The do-it-yourself, budget minded, live out of a backpack kind travel is sometimes like playing with a yo-yo. When it’s up, you find your self in amazing places, meeting interesting people, and having once in a lifetime experiences. But when that yo-yo drops, things can go from amazing to amazingly difficult quick — and when the place you’ve just left was close to paradise, it can seem like a long way to fall.
Our travels to Cambodia started rocky, literally. When we left Koh Kood the waves were bigger and the boat smaller than when we arrived. Our speedboat battled its way through the rollers for two and a half hours. Two taxis and a bus ride later we reached the city of Chanthaburi, famous for fruit and gems, or so Lonely Planet says.
When we flopped our backpacks down in the River Guesthouse lobby we were dead tired. Desperate to get off the road and failing to learn from our experiences in Trat, we gave one room a quick glance before plopping down $7 to stay the night.
When we walked back to the room, we saw what we were really in for. The pipes in the bathroom were broken and leaked badly. To keep the bathroom from flooding, I had to turn the water on and off at a small valve behind the toilet before we could use it, the sink, or the shower. When the water was on, it carried with it a festering septic smell. Dark mold rotted in the bathroom, eating the ceiling and door.
The room itself wasn’t all that bad if you kept the door to the bathroom closed and the exhaust fan on. It had a desk, something I’d wanted all week. The bed was small, maybe a twin. It had a single mangy blanket and there was a boarded up hole in the wall next to it.
We decided our time would be better spent out of doors. Sonya and I walked Chanthaburi’s waterfront. We had some snacks and looked across a small bridge to Thailand’s largest cathedral. There were a lot of trucks, draped in blue and white banners parked in front of it.
When we went out again for dinner, the streets were lined with candles. All the shops were closed and many had altars with figurines of the Virgin Mary surrounded by flowers sitting outside. People lined the streets playing music and waving flags.
The trucks from the church paraded by with their loads of priest and nuns and school children and flower girls. I watched as those on the street alternated between giving “wai’s” and making the sign of the cross. Thailand has a Christian population of about 0.7%, I wondered if I was seeing most of them on that street.
Because of the parade, we didn’t get dinner and didn’t eat a real meal until the next afternoon when we arrived in Aranyaprathet. The city took about four hours to reach by bus and we stayed in something probably equivalent to a Motel Six. To us it seemed like a five-star hotel.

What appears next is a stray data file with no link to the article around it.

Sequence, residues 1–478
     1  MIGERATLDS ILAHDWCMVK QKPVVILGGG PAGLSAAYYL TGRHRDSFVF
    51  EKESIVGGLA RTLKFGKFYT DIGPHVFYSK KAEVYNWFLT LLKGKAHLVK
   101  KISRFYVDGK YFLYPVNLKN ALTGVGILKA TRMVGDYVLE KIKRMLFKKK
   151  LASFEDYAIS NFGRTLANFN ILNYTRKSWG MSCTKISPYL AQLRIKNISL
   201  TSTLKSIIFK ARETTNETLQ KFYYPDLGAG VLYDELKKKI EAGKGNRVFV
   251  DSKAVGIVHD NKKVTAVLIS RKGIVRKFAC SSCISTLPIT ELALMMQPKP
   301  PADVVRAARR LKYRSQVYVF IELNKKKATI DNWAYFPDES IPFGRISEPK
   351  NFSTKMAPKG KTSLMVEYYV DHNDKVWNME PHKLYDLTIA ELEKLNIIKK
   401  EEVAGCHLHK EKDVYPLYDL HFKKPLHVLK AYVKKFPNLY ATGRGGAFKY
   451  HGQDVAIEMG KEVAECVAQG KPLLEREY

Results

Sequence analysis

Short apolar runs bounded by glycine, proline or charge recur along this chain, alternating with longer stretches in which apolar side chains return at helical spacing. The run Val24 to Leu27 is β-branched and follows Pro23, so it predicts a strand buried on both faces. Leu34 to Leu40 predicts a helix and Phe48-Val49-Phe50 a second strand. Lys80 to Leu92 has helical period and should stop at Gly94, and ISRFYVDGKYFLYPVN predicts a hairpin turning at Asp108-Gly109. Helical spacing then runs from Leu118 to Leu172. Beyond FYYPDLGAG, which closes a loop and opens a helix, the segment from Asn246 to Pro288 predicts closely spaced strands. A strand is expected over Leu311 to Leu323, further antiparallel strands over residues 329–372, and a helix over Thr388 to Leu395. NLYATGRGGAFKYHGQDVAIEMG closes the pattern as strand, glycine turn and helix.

Aranyaprathet is a border town. It has the kind of broken down and dirty feeling of a city whose economy is driven largely by people who don’t live there. We walked a broken and trash strewn sidewalk back towards the center of town from our motel.
When we went out it was about two in the afternoon. Most of the shops had closed or the owners were laying in hammocks, looking like they would rather not be bothered. The first signs of life we encountered were at a noodle stand on the side of the road.
We sat on plastic stools and each got a bowl of spicy noodle soup. More than a week into our trip to Thailand this was our first street food. The broth was dark and had a strong beef flavor. It reminded me of Pho with an added kick of chili paste. A girl who giggled when I tried to speak Thai, gave us a plate of bean sprouts and Thai basil to put in our soup.
I couldn’t quite make out everything in the soup but I knew most of it. There was beef tongue, tripe, liver, and a small dumpling that might have been a blood cake. I thought it was one of the best things I’ve had in Thailand. Sonya’s soup was too spicy for her. Even from behind the counter, where the women who ran the shop were sitting, you could see her lips were bright red and she was sweating.
The women gestured toward us and laughed, we laughed too. The girl at the counter gave Sonya another bowl of broth without chili paste. I gave the girl a 50% tip and we still only spent $3 on lunch.
Two days on the road had taken most of the adventure out of us. That night we played it safe and had instant noodles at our motel. I met the owner who told me about how much the people of Thailand loved their king. He pointed to his big black Mercedes and told me he was the also the local police commander. I asked a few questions about crossing the border and said goodnight.
We were up and in a tuk-tuk by 7:30 the next morning. It took us to one of the rip-off visa places on the border. We knew better and made it into Cambodia with our e-visas by 8:30. After pushing past a couple of touts, we met the driver our guesthouse had sent for us and began the two-hour journey to Siem Reap.
There had been a clear economic line at the border. Behind us sidewalks ran along the road, here there was dirt. In Thailand you passed big rigs, here people pulled handcarts and drove trucks without the cabs. After about an hour, big rice fields opened up on either side of the road.
In Thailand, cars drive on the left side of the road. In Cambodia they start driving on the right side but then move to the middle and maybe even the left side of the road if it’s really crowded. Horns are used a lot and so are high beams. There were one or two close calls with motorbikes but nothing serious. After a few white-knuckled minibus rides in Zambia, this barely phased me.
We reached the Seven Candles Guesthouse around lunch time and settled into a big clean room. It is set to be our base for the next seven days and looks like a pretty good one.
The road to Cambodia wasn’t all bad, in fact there was a lot of good. It was just a harsh reminder that no place will ever be Koh Kood.